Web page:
On why it failed, yes it was fully designed to BOAC specs for hot and high (and shorter) runways throughout Africa, but then the new CEO Giles Guthrie publicly rubbished it’s economies, and that was that.
    I did sell to a few African countries and the RAF flew it until only maybe 6 or 7 years ago

    2 users thanked author for this post.

    alainboy56
    Participant

    Flew on a BOAC Comet 4c BA931 ‘DD’ in 1959. LHR-Beirut-Karachi-Delhi-Calcutta-Bangkok-Hong Kong-Tokyo almost 23hrs of flight time.
    On the return trip nearly 2 months later ‘DO’ went ‘US’ in Singapore, so after more than a day’s delay, I was transferred to a Qantas Super Constellation that was proceeding monotonously through the skies onto Colombo, then Bombay-Karachi-Cairo-Istanbul-Rome and eventually to LHR after more than 31 hours of flight time, plus almost 13 on the Comet. With all the stops, it was nearly 4 days of travel.
    The ‘Golden Age of travel’ was just ‘taking off’ — if you will excuse my pun.

    2 users thanked author for this post.

    cwoodward
    Participant

    @AMcWhirter
    This is not true.
    My late father was a S/E/O on VC-!0s and he regularly flew the BA591/592 LHR-LAX-LHR flights that actually were part of a rotation to Sydney through Honolulu.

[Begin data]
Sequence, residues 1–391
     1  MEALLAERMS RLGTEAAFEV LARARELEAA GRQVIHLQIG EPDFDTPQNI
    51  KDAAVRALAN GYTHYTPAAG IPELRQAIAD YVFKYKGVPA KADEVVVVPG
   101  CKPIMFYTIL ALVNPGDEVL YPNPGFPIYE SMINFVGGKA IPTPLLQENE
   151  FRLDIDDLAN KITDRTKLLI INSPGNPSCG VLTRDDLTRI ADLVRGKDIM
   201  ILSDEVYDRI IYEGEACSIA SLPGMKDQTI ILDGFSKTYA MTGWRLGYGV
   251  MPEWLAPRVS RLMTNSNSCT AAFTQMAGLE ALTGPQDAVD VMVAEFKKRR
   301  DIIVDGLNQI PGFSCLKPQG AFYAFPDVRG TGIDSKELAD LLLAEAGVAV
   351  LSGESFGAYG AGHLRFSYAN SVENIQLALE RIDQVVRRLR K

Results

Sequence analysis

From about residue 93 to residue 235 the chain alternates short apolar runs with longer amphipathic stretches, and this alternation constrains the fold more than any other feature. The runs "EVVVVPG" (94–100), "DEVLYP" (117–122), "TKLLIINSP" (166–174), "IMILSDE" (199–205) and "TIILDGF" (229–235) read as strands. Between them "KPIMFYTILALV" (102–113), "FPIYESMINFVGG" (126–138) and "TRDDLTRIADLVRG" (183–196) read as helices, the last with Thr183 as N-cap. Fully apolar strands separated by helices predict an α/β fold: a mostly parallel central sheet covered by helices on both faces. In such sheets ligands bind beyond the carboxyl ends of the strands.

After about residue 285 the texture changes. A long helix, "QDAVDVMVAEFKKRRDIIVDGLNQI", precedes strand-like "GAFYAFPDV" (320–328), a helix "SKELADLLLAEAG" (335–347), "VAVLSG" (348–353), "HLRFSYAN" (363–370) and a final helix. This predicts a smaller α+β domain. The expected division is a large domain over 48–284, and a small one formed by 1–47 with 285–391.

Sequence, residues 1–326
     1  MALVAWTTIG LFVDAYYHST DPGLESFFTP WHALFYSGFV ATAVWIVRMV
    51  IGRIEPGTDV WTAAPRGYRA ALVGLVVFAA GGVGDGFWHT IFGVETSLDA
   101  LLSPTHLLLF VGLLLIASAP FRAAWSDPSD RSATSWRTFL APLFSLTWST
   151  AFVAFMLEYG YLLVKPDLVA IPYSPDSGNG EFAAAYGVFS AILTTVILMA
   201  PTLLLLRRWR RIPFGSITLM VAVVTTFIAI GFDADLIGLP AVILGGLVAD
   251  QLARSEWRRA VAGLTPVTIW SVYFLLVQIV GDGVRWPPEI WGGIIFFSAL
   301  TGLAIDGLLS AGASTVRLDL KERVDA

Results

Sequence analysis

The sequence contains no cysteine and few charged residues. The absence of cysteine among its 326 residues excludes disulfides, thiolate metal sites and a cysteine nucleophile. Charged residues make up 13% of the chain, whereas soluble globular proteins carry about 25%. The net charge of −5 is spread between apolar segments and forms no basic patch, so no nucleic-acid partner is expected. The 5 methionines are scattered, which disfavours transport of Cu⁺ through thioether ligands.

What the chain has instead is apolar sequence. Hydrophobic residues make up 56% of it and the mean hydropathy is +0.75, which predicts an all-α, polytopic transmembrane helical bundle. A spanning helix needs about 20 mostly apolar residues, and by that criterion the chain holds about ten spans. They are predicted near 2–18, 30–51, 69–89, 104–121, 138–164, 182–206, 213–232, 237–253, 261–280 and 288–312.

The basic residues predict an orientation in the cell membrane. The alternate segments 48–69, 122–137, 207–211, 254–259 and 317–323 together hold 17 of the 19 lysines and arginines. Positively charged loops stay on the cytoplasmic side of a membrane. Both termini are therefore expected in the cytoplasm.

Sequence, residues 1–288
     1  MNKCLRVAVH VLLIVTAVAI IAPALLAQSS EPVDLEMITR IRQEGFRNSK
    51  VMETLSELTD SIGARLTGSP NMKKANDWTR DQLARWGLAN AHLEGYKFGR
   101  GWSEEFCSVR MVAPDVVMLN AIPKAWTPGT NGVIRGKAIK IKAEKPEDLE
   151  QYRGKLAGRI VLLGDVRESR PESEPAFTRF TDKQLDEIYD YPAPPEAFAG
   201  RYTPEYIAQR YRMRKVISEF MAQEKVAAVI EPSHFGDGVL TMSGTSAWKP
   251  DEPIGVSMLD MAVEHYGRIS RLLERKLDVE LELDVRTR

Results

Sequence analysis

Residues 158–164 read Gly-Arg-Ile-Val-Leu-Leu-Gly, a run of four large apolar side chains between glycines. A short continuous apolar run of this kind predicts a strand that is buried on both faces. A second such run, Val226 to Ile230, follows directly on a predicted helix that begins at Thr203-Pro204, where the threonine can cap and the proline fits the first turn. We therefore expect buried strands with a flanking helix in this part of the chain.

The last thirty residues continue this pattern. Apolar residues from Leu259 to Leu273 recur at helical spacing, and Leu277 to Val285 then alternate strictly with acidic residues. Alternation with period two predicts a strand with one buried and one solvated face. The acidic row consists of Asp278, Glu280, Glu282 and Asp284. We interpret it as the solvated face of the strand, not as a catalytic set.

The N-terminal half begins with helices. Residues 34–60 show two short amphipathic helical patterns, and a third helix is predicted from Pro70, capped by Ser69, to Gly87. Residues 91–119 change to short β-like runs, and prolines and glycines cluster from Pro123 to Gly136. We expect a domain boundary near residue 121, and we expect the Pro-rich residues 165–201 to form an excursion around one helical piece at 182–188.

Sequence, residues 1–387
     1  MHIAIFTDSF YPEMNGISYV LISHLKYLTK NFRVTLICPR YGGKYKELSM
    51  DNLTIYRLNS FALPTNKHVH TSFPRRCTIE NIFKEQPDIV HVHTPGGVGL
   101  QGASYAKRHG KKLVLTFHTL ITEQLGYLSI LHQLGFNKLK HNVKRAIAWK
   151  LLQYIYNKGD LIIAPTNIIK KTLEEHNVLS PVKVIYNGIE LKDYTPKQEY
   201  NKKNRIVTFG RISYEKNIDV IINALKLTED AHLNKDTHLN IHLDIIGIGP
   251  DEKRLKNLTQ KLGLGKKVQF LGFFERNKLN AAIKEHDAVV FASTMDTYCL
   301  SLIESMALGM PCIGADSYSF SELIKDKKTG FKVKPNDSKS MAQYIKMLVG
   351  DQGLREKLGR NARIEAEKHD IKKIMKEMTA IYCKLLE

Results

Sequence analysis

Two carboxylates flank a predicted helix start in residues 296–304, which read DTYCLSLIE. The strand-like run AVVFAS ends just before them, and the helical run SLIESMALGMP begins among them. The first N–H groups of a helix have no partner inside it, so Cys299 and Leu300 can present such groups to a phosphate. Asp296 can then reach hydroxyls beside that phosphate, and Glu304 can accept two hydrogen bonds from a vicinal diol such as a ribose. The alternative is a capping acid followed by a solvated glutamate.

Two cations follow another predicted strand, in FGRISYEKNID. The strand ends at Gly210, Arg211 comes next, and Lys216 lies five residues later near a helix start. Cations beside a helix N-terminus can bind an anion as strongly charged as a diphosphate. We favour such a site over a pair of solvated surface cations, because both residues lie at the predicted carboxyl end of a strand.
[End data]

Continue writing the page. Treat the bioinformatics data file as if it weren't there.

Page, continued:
On why it failed, yes it was fully designed to BOAC specs for hot and high (and shorter) runways throughout Africa, but then the new CEO Giles Guthrie publicly rubbished it’s economies, and that was that.
    I did sell to a few African countries and the RAF flew it until only maybe 6 or 7 years ago

    alainboy56
    Thanks for the memories.
    I have a vague recollection of flying the VC10 out of Sydney through the US (or perhaps Canada – Toronto) to LHR. This would have been mid seventies.
    Would you know please could my recollection be correct or would the order have been V V

    What I do well recall that I enjoyed the flight (suspect that I could have been upgraded to first) and that the service and food were impeccable and that the interior of the aircraft was very quiet. Very noisy outside though as I recall.

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    AMcWhirter
    Participant

    Hello cwoodward,

    BOAC routed its Super VC-10 from Sydney via the Pacific to London via the US West Coast. Not Canada.

    1 user thanked author for this post.